same trip since it is only an hour and a half's drive beyond. This trip can be made in one day from Barstow, but of course more time means more enjoyment. I believe I am safe in saying that this is the only place in the world where an inexperienced collector can pick up bits of gem opal within 300 feet of a paved highway.

Swim -QU U/lntet

PflDDOCK
PADDOCK ENGINEERING

CO. LOS ANGEIES • PALM SPRINGS • DAUAS

DESERT INN

FEBRUARY, 1939

33

REST AND PLAY IN THIS

r/ete and
. . . ON THE DESERT
ARIZONA Phoenix . . . Tucson . . .
"New York, too many people, too much noise, I come home," explained Sgt. Sinew L. Riley, Apache Indian scout, getting off a plane in Tucson as he returned to Arizona five days ahead of schedule after appearing in "We, the People" radio program. He didn't think much of New York chow either, but he liked Kate Smith who sang a patriotic song on the same program. Sgt. Riley with the 25th Infantry at Fort Huachuca, Arizona, is one of the few remaining Indian scouts attached to the United States army. Riley's father and grandfather, also Apache scouts, had been instrumental in capturing Geronimo. For the first time since the Boulder dam project was started, Arizona was lined up with her six sister states of the Colorado river basin when delegates to a seven-state conference here put their OK on a pact for financial operation of the great dam. The proposal will be offered at the next session of congress as an amendment to the Boulder canyon project act. Agreed: power contractors will begin in 1940 payment of $500,000 into a separate fund, for first three years to be used in a comprehensive survey of the Colorado river basin, thereafter to be allocated to upper basin states until June 1, 1955. Arizona and Nevada, beginning in 1940 will receive annual payments of $300,000 each for a period of 47 years. Interest rate on construction cost of the Boulder canyon $130,000,000 project will be reduced from 4 to 3J/2 P e r c e t l t or less and power rates at the dam will be cut from 1.63 mills per kwh to 1 mill.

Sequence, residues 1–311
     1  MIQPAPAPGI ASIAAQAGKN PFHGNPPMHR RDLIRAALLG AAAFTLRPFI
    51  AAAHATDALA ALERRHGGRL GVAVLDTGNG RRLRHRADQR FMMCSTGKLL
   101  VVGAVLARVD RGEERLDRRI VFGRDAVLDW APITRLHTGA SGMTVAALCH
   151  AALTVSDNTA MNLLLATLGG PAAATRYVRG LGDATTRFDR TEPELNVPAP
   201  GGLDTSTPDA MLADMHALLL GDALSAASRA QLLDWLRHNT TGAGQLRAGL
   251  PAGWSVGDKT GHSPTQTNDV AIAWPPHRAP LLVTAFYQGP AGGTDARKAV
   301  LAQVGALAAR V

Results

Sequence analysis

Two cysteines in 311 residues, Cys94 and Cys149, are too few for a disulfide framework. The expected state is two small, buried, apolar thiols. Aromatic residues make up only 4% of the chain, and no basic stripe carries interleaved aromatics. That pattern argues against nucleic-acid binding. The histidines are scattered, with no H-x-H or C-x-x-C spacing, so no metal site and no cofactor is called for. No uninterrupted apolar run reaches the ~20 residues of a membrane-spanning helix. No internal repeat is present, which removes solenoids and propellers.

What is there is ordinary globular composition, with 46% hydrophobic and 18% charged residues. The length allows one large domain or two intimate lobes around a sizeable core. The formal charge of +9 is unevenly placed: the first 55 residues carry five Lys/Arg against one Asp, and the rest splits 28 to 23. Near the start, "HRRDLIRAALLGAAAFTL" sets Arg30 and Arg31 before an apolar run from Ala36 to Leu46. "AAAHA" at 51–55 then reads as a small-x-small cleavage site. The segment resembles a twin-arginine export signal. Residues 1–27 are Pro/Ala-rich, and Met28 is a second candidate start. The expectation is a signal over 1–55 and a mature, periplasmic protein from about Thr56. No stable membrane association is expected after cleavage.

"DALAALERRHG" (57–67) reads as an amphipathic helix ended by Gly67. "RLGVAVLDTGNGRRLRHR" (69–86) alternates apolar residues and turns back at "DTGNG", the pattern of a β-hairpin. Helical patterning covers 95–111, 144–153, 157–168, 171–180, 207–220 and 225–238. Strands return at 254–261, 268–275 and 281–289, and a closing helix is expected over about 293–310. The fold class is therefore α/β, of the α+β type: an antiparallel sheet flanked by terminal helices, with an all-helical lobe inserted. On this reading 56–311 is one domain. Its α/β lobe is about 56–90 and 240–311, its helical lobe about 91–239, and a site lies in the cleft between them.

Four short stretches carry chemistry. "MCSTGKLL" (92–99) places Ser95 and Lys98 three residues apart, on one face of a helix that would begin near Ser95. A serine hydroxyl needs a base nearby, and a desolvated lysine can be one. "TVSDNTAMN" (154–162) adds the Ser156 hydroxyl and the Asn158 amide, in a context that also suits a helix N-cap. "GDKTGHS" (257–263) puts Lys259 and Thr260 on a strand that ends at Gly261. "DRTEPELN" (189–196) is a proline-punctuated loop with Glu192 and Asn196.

PLAYGROUND
Warm Days . . . N o Fog
In the heart of luxuriant Imperial Valley, Brawley basks in delightfully mild winter climate . . no snow or sleet, no icy winds or frozen fingers. Vacationing this winter is not expensive at Brawley. Modern hotels and auto courts offer comfortable hospitality at moderate rates. And there are many interesting things to do and see around Brawley . . . golf . . . desert trips . . . basking in warm sunshine. For more information . . .
WRITE THE

Payson . . .
David Gowan Goodfellow, 78, died in December at his farm home, the famous resort at Goodfellow's natural bridge. A tailor from Scotland who traveled half round the world 45 years ago to occupy a prospector's cabin atop the great bridge, Goodfellow developed here a place today known to notables of many nations.

waicox...
Death in December took Col. W. T. Webb, owner of the 76 ranch and cattle company, one of the most extensive properties in southern Arizona. Col. Webb was 73 years old, identified with the cattle industry half a century. His Arizona residence dates from 1881 when he moved to Tombstone, later going to Graham county. He was one of the state's first presidential electors, served in the territorial legislature, once as speaker of the house.

BRAWLEY CHAMBER OF COmfTlERCE
Brawley, Calif.

CALIFORNIA Blythe . . .
Blythe, highway 60 entrance to California, led the entire state during November in incoming automobile traffic, the state border quarantine division has reported. Ten thousand passenger vehicles checked into the Blythe station during the month carrying a total of 25,937 passengers. Yermo was in second place.

CORONET
Midget
(actual size)

Phoenix . . .
Collection of more than $300,000 inheritance taxes on the estate of Lemuel C. Shattuck, Bisbee banker and president of the Shattuck Denn Mining company, put the state of Arizona on a cash basis for about nine days in the new year, according to Harry M. Moore, state treisur^r. School disbursements of $500 000 for the first quarter called for resumption of warrant issue.